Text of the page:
The essence of the story has an Air Force crew sent to assist and investigate a crash in the Arctic with a group of top experience scientists at a military outpost en route their instruments find themselves affected by unknown reasons. The film takes the time to explain reasoning and give much needed groundwork for the audience of then was less sophisticated than those of today. Once at the site their actions become jumble and mixed with a zany reporter wanting to report the finding of a UFO but denied by Captain Patrick Hendry (Kenneth Tobey). Trying to free the UFO with thermite bombs, the ship is inadvertently destroyed, but checking with a Geiger counter measuring the radiation though no one seems worried about the count, once again recalled the era (duck and cover a way to protect you from an atomic bomb) but the little things worth overlooking. Soon enough, a creature larger than a human found trapped in the ice quickly they work to dig it out and return to the research station. The slow pacing allows for subplot to open involving the conflict of science and military, with blustery talking characters who quip back and forth about what to do and the harm befalls them. Dr. Arthur Carrington (Robert Cornthwaite) begins butting heads over what should do over The Thing not only with the Captain but his own team members. The creature, accidentally awakens and the first victims is the draining of sled dogs blood, soon enough a couple of scientists, with all the killing occurring off screen. Herein the audience learns that the Frankenstein lookalike creature, basically one large vegetable and learn that plant life on Earth can feel, and communicate. Kenneth Tobey shines in the role leader of his men and aware of his limitations, but listens to various others for input. One must not over look the wise cracking Douglas Spencer as Scotty, the reporter eager to get a shot of the creature and a wonderful assortment of other colorful characters. A love story takes place also to involve the girlfriends in attendance and showing how often it appears as underlying pivotal impact into the film from Carrington’s secretary Nikki Nicholson (Margaret Sheridan). Still the alien is nothing more than a killer vegetable, while quite silly; it is many years ahead of the insane movie Attack of the Killer Tomatoes (1978) works very well and leaves all the men baffled of how to destroy it. Enter in a woman’s perspective and wisdom as she answers the bold concept and yet hints to domestic chore of her position of knowing what to do with veggies. The scene in which The Thing doused with kerosene and set ablaze strongly believed by many cinema buffs to be the first full body burn accomplished by a stunt man.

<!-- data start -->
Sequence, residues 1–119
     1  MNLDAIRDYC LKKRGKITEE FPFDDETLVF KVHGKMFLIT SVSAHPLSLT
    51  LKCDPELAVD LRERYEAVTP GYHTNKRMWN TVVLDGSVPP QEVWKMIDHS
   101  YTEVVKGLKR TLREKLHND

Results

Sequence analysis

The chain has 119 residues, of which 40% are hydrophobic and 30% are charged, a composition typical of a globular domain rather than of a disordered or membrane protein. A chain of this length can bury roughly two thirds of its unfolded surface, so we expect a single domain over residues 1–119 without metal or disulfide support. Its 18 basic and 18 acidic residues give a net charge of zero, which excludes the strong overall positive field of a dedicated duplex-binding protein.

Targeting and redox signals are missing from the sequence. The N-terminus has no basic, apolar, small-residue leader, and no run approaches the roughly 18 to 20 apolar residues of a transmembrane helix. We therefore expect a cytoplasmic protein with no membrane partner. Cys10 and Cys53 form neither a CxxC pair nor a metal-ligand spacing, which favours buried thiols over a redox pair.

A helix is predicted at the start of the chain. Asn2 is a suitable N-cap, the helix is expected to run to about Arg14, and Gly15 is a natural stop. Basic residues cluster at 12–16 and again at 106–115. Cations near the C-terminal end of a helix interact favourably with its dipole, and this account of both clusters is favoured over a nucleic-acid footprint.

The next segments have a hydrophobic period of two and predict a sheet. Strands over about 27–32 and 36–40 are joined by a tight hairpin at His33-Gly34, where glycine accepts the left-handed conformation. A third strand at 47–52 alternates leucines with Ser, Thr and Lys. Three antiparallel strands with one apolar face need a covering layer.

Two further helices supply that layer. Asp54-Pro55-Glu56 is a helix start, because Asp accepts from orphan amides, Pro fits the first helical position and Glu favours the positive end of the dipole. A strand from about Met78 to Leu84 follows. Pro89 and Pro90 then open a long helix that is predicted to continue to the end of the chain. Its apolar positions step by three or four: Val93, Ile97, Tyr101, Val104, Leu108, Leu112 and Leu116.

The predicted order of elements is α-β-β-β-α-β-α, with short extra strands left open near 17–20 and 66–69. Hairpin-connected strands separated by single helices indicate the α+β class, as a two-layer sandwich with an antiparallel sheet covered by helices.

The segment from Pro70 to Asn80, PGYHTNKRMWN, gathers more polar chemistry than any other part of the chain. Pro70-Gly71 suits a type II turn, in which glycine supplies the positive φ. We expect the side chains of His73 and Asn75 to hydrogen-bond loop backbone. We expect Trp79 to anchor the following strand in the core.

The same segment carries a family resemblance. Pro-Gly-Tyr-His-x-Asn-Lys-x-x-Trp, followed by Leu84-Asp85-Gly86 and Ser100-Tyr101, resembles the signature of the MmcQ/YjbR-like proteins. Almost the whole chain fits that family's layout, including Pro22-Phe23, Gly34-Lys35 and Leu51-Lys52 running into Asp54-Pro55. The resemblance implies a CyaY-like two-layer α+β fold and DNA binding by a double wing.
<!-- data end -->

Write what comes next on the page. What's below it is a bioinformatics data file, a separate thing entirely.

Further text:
The characters in the movie portrayed as strong individual characters, presenting believable emotions, and at times a bit biblical reference adding to a quality sense of realism, even though the smartest scientist doesn’t make a connection to the radiation and radios not working. Lastly, the lack of the alien in the movie, mainly due to the poor special effects and makeup techniques in the creation of the monster, showed not scary and more comical.
This movie brings wonderful memories, and a classic film for the bonding experience with the family and yet also a for recalling the early times of sci-fi, so many care about this movie, that in 2001 it was added to the Nation Film Preservation Board. It still keeps its richness of black and white low-budget influence filmmakers of today with a classic creation and reminds an all time favorite for cinema fans.